Monday, November 23, 2015

Of sambar and varutharacha curry

And its back to square one. The cooking, I mean.

The first cook we had was good. Her chicken curry was delicious!! But she was unreliable. And would take leave often. She also skipped work for an entire week that I was away from home. Without any notice whatsoever. A hassled, irate husband told me to send her packing. Well, she had to come before I could send her packing, but what I did do, was to get another one.

This new one didn't have a mobile where we could call, but was punctual to the dot every day.Only thing was - she was a cook who couldn't cook. She made decent chappatties, which was what she made the first 2 weeks, but that was the most she could do. She couldn't make north indian (aloo capsicum), she couldn't make south indian ( morukari - similar to north indian kadi) . She had to be literally shown everything else. I asked her to make potato masala curry once-
"I want potato curry made with coconut.  Like the moru kari I showed you. .  but you have to saute it first. You know?"
"I know," she nodded.
Having had prior experience of her happy nods, I proceeded to tell her in detail what all I wanted in the coconut paste.. And I laid out all the ingredients to be sauteed- onion, red chilly, cumin, pepper, chilly, curry leaves, even the requisite amount of grated coconut.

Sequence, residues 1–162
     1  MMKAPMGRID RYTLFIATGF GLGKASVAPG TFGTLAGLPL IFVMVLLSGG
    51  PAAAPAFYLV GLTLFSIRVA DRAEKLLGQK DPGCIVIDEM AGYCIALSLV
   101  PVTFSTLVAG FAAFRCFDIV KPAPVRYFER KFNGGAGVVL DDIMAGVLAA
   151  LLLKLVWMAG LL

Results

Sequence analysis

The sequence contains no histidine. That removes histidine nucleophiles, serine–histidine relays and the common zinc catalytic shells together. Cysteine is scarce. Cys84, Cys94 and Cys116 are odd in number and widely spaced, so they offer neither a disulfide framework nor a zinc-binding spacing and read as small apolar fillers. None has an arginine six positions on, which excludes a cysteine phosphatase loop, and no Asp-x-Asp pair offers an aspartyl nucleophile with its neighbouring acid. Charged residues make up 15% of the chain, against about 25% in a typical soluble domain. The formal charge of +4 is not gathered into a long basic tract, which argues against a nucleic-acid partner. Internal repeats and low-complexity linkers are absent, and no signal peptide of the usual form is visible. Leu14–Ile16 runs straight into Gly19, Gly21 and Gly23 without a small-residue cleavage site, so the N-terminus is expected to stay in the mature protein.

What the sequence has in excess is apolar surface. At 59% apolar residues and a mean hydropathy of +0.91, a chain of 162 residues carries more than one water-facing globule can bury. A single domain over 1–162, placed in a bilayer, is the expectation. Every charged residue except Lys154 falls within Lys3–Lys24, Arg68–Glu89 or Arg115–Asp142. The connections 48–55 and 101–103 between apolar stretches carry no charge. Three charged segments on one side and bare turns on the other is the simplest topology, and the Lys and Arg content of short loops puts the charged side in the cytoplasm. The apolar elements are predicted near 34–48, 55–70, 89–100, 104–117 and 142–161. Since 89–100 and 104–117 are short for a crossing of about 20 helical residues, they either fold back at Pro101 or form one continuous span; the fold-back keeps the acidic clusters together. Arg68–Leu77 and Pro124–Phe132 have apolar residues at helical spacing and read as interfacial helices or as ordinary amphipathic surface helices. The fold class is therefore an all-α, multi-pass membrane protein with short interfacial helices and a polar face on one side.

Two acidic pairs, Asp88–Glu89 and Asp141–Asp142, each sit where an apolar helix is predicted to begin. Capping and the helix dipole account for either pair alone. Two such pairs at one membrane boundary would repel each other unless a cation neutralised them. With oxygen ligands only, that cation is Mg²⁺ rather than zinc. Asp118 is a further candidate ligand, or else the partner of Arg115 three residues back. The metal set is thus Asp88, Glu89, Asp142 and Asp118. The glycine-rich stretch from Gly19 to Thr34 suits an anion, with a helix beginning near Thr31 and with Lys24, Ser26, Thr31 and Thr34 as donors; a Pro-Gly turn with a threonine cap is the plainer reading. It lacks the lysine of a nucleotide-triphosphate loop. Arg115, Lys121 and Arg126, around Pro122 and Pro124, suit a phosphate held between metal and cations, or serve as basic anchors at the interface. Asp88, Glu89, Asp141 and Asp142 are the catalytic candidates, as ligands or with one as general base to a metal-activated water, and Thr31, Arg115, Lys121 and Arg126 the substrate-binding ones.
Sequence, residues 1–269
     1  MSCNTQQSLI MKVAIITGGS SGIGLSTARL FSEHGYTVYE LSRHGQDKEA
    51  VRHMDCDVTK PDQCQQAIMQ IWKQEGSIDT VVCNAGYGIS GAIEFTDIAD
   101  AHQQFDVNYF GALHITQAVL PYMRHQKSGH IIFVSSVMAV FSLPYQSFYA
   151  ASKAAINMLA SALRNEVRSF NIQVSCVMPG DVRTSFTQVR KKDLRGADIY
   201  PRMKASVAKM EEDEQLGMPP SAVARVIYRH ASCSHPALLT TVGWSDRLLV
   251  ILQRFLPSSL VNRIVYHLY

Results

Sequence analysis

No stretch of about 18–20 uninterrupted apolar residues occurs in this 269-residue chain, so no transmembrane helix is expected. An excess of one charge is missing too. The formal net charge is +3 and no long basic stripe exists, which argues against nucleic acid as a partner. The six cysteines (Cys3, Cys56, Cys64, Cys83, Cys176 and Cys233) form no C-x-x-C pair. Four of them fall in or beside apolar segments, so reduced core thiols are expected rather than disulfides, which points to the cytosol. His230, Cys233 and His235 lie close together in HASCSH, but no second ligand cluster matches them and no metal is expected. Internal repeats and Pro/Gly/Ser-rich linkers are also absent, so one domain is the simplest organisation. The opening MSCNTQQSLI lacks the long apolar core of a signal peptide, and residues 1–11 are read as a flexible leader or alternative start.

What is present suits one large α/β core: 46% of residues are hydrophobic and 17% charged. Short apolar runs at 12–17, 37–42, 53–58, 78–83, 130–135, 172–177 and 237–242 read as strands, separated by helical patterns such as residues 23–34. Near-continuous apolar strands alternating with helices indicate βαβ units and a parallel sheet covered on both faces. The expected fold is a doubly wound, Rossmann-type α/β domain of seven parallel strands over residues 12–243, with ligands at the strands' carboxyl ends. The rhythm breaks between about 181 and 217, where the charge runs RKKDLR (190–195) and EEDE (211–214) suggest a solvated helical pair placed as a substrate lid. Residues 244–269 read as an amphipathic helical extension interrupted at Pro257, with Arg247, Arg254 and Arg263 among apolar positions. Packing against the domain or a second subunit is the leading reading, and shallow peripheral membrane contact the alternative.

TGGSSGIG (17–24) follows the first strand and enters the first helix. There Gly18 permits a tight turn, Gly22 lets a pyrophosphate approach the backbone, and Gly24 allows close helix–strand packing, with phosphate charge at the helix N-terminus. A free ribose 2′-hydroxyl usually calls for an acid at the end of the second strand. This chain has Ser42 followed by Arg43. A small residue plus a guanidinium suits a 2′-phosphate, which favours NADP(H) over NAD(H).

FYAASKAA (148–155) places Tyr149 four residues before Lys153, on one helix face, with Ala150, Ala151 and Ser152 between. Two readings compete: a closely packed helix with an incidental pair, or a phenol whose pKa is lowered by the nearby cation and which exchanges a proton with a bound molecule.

And off I went, to facebook in peace.
I wish I had taken a picture of that curry.
Madame 'chef' sauteed it to perfection yes,  but didn't grind it!! The curry was full of grated, sauteed coconut and other stuff. Husband told me - "You and your varutharacha curry! She's a kannadiga, she doesn't know all that, ask her to make normal stuff."

I was traveling again, so I asked her to make sambar. I couldn't think any more normal that that for a south Indian. This was around the time the price of dal was shooting up. What can I say? She made sure that the husband  knew that she hadn't wasted any dal. He kept it carefully in the fridge for me to see when I returned a couple of days back. I could count alll the innumerable dals in the sambar, which lay separately along with the ladies finger and drumstick and onions and tomatoes.
He looked at me miserably. I didn't know whether to laugh or to commiserate. That was the straw that broke the camel's back.

So for now, its back to me and my 'divine' cooking.  And the husband is being very helpful, extra so!